Increased adiposity, through adipocyte hypertrophy, and/or hyperplasia, characterizes aging and obesity. Both are leptin-resistant states, associated with disturbed lipid metabolism, reduced insulin sensitivity and inflammation. Nevertheless, fat tissue dysfunction appears earlier in obesity than in normal aging. In contrast, lipodystrophy is accompanied by diabetes, and improving the fat cell capacity to expand rescues the diabetic phenotype. Fat tissue dysfunction is extensively studied in the diet-induced obesity, but remains relatively neglected in the aging-associated obesity. In the Wistar rat, as occurs in humans, early or middle aging is accompanied by an increase in adiposity. Using this experimental model, we describe the molecular mechanisms contributing to the white adipose tissue (WAT) hypertrophy. WAT from middle-old age rats is characterized by decreased basal lipogenesis and lipolysis, increased esterification, as demonstrated by the higher TAG and cholesterol content in visceral WAT, and the maintenance of total ceramide levels within normal values. In addition, we describe alterations in the adipose tissue plasma membrane lipid composition, as increased total ether-phosphatidylcholine, sphingomyelin, and free cholesterol levels that favor an enlarged fat cell size with aging. All these metabolic changes may be regarded as a survival advantage that prevents the aged rats from becoming overtly diabetic.
@article{Bonzón-Kulichenko7117,
author={Elena Bonzón-Kulichenko, Eduardo Moltó, Cristina Pintado, Alejandro Fernández, Carmen Arribas, Dominik Schwudke, Nilda Gallardo, Andrej Shevchenko, Antonio Andrés},
title={Changes in Visceral Adipose Tissue Plasma Membrane Lipid Composition in Old Rats Are Associated With Adipocyte Hypertrophy With Aging.},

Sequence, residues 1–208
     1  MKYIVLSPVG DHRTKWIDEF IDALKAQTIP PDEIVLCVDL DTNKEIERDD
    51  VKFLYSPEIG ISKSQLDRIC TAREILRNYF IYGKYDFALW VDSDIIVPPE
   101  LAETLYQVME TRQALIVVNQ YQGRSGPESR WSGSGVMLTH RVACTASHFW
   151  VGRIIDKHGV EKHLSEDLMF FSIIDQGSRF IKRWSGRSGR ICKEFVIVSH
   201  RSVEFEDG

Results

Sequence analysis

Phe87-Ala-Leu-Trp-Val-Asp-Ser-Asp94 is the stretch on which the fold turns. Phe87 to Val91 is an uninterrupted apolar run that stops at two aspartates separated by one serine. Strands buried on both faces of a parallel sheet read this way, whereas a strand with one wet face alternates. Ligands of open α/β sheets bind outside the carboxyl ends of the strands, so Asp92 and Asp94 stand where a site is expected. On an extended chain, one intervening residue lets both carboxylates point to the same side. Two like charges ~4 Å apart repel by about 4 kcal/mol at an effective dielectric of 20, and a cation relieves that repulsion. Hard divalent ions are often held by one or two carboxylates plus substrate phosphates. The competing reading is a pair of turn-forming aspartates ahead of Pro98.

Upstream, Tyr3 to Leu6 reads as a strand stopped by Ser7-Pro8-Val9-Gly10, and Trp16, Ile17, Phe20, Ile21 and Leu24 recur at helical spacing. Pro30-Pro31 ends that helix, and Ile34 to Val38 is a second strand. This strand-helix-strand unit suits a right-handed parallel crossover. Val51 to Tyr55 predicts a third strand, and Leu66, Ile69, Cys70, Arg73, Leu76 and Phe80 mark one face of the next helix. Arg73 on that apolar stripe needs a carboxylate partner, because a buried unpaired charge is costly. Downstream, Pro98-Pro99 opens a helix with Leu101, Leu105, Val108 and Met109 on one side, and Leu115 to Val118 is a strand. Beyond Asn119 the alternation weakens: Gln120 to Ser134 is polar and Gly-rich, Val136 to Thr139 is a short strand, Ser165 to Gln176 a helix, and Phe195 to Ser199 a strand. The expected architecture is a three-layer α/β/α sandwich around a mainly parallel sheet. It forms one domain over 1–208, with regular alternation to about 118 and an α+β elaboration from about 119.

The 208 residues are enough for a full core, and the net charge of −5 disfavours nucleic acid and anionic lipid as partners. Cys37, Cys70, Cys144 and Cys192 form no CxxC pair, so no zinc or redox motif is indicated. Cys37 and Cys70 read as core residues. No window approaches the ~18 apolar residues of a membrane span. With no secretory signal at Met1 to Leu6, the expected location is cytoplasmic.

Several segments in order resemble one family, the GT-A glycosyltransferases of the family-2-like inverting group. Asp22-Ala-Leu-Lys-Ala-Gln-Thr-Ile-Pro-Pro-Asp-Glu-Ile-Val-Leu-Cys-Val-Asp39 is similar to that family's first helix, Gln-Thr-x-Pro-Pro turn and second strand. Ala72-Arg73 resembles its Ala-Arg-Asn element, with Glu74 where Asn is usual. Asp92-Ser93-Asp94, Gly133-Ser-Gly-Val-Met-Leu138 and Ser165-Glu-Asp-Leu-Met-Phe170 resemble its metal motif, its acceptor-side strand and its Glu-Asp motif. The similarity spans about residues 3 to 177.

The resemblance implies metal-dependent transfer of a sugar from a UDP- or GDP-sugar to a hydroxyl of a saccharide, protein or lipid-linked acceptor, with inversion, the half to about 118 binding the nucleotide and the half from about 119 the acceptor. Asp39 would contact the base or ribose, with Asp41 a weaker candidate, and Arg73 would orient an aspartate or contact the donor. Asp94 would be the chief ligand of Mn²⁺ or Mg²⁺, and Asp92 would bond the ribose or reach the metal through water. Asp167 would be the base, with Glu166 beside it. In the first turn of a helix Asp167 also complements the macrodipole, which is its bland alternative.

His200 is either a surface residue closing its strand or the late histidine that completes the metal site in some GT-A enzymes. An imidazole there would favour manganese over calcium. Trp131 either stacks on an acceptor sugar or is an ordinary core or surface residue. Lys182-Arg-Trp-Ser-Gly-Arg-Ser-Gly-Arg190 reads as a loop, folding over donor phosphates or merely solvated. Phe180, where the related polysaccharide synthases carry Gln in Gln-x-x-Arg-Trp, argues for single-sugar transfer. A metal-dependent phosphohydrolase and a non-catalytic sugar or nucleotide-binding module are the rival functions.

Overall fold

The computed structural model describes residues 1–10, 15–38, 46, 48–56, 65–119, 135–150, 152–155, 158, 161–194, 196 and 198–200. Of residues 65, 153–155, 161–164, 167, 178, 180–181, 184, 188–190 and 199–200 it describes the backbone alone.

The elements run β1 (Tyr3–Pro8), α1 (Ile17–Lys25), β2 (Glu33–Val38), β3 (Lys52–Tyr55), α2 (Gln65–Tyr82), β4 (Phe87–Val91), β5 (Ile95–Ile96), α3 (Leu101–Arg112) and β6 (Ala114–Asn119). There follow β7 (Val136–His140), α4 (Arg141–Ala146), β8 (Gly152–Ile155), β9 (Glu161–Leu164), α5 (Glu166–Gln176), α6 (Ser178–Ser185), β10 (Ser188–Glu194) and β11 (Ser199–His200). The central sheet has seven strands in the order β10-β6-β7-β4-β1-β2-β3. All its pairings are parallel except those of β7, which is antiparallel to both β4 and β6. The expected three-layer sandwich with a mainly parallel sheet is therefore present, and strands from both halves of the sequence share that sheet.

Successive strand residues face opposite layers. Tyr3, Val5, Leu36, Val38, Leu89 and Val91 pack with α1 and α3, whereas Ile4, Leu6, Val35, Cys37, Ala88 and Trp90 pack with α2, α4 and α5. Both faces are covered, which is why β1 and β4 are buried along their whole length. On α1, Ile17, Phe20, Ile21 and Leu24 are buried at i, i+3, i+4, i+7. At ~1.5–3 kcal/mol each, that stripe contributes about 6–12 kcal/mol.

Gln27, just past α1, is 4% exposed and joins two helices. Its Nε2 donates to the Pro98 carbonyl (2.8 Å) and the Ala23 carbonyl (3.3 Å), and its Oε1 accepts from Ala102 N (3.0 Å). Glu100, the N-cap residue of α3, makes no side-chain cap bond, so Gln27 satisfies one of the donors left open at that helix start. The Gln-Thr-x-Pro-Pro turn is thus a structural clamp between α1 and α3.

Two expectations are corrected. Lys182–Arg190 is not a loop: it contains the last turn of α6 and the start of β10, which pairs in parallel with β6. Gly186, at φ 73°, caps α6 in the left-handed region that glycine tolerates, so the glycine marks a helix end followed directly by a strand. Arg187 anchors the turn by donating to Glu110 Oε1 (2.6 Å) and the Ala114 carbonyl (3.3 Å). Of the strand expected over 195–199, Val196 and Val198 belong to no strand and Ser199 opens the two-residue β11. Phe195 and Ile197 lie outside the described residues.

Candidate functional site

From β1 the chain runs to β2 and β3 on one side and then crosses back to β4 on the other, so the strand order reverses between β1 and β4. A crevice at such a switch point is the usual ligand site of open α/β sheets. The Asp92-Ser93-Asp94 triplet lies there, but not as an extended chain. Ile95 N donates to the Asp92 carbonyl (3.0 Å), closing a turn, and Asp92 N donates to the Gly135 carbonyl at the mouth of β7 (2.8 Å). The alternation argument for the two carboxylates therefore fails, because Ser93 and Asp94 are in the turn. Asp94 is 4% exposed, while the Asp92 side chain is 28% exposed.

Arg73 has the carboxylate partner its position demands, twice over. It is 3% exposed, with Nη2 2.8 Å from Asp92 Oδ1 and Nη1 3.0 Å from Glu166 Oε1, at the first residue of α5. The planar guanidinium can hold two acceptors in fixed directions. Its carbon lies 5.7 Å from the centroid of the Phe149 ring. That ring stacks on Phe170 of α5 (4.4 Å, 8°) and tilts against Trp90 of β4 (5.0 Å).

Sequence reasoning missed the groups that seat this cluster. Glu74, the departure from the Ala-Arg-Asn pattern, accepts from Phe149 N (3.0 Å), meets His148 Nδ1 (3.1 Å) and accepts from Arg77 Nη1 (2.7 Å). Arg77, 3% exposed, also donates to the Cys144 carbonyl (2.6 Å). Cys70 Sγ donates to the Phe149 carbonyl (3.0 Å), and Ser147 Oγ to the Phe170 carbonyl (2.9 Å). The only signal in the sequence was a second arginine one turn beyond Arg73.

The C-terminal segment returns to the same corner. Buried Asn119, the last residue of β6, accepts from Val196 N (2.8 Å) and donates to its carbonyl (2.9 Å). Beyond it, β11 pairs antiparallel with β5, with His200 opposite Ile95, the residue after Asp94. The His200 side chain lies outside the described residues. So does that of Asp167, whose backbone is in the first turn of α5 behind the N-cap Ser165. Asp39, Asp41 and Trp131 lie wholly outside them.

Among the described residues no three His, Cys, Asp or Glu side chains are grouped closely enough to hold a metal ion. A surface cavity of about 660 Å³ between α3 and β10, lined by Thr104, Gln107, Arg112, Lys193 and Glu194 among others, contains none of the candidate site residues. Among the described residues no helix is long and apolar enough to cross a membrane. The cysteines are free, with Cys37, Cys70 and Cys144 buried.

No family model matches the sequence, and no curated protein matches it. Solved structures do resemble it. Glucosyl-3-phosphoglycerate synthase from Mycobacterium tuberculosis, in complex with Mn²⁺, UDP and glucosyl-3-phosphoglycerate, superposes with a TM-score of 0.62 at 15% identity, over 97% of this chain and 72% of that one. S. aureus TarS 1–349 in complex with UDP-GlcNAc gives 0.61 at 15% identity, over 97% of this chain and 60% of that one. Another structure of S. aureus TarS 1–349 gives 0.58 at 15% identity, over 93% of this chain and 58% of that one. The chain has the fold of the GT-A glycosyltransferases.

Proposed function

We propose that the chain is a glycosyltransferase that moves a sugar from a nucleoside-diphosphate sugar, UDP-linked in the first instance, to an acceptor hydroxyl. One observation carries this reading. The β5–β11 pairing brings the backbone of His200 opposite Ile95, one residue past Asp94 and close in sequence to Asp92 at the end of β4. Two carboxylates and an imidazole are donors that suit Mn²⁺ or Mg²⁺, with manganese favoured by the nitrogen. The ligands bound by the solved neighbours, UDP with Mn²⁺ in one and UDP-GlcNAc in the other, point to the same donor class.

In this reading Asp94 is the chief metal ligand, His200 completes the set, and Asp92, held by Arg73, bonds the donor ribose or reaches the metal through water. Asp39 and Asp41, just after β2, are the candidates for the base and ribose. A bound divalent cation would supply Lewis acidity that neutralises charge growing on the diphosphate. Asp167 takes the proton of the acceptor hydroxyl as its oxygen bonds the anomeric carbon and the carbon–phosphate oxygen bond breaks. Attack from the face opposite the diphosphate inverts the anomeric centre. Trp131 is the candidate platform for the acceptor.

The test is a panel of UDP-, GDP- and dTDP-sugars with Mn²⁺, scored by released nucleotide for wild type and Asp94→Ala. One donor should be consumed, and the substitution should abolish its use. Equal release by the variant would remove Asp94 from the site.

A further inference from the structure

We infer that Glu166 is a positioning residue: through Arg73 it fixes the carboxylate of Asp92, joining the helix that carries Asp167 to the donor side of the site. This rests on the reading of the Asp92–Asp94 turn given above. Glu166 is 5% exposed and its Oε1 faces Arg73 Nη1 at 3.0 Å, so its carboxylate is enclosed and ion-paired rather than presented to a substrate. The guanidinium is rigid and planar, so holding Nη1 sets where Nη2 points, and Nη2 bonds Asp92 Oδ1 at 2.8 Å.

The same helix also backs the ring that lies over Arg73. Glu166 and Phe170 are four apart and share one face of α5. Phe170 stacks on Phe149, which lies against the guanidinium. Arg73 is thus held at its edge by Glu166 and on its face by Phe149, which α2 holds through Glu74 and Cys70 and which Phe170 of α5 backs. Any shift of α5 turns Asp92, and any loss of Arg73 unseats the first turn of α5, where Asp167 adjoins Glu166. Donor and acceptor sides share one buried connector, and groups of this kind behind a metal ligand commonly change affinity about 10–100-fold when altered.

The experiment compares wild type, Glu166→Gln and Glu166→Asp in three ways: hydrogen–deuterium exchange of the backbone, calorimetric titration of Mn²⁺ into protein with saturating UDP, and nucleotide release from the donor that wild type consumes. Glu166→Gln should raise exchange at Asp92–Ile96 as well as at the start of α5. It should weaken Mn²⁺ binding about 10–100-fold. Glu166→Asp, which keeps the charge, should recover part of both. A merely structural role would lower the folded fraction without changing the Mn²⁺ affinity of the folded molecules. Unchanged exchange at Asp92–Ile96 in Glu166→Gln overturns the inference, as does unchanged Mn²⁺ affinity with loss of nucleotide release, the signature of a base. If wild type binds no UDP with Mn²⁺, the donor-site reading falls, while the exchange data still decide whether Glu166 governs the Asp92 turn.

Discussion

journal={The journals of gerontology. Series A, Biological sciences and medical sciences},
volume={73},
issue ={9},
pages={1139--1146},
year=2018
}

Marija Matejčić, Guillaume Salbreux, Caren Norden
A non-cell-autonomous actin redistribution enables isotropic retinal growth.
PLoS Biol, 16(8) Art. No. 2006018 (2018)
PubMed Source   

Tissue shape is often established early in development and needs to be scaled isotropically during growth. However, the cellular contributors and ways by which cells interact tissue-wide to enable coordinated isotropic tissue scaling are not yet understood. Here, we follow cell and tissue shape changes in the zebrafish retinal neuroepithelium, which forms a cup with a smooth surface early in development and maintains this architecture as it grows. By combining 3D analysis and theory, we show how a global increase in cell height can maintain tissue shape during growth. Timely cell height increase occurs concurrently with a non-cell-autonomous actin redistribution. Blocking actin redistribution and cell height increase perturbs isotropic scaling and leads to disturbed, folded tissue shape. Taken together, our data show how global changes in cell shape enable isotropic growth of the developing retinal neuroepithelium, a concept that could also apply to other systems.
@article{Matejčić7193,
author={Marija Matejčić, Guillaume Salbreux, Caren Norden},
title={A non-cell-autonomous actin redistribution enables isotropic retinal growth.},
journal={PLoS biology},
volume={16},
issue ={8},
pages={null--null},
year=2018
}

Neil O Carragher, Filippo Piccinini, Anna Tesei, O Joseph Trask Jr, Marc Bickle, Peter Horvath
Concerns, challenges and promises of high-content analysis of 3D cellular models.
Nat Rev Drug Discov, 17(8) Art. No. 606 (2018)
PubMed Source  

@article{Carragher7192,
author={Neil O Carragher, Filippo Piccinini, Anna Tesei, O Joseph Trask Jr, Marc Bickle, Peter Horvath},
title={Concerns, challenges and promises of high-content analysis of 3D cellular models.},
journal={Nature reviews. Drug discovery},
volume={17},
issue ={8},
pages={null--null},
year=2018
}